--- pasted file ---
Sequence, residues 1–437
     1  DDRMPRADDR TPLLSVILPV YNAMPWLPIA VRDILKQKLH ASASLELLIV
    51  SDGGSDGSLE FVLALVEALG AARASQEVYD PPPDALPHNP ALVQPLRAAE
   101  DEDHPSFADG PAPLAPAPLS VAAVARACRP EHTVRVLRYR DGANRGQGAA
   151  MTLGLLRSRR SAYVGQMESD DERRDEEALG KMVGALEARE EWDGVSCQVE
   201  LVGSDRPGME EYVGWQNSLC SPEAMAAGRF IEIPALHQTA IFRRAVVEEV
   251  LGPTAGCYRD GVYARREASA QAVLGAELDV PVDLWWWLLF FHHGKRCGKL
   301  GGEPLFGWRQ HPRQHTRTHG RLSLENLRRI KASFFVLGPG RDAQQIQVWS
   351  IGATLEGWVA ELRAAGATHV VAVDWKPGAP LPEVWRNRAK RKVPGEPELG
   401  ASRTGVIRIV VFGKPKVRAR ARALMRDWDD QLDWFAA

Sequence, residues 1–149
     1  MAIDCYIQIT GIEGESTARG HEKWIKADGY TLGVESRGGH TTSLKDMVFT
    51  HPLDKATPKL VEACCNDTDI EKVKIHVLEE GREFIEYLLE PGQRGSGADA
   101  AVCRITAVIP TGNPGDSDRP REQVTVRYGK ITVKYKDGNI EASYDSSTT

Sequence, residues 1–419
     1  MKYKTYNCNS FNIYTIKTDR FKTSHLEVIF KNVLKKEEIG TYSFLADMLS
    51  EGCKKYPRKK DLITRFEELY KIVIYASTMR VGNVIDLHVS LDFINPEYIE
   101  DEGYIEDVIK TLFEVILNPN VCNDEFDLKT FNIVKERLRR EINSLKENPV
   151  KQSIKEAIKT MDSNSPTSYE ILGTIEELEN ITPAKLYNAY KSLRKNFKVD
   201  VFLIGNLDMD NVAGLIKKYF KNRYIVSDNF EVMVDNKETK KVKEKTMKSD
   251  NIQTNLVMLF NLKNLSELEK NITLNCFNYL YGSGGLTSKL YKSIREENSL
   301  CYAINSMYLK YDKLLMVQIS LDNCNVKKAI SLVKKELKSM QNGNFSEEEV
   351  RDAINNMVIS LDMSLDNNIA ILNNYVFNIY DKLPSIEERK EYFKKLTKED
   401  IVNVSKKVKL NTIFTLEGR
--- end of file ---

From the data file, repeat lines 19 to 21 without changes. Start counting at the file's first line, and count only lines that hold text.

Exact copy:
   151  KQSIKEAIKT MDSNSPTSYE ILGTIEELEN ITPAKLYNAY KSLRKNFKVD
   201  VFLIGNLDMD NVAGLIKKYF KNRYIVSDNF EVMVDNKETK KVKEKTMKSD
   251  NIQTNLVMLF NLKNLSELEK NITLNCFNYL YGSGGLTSKL YKSIREENSL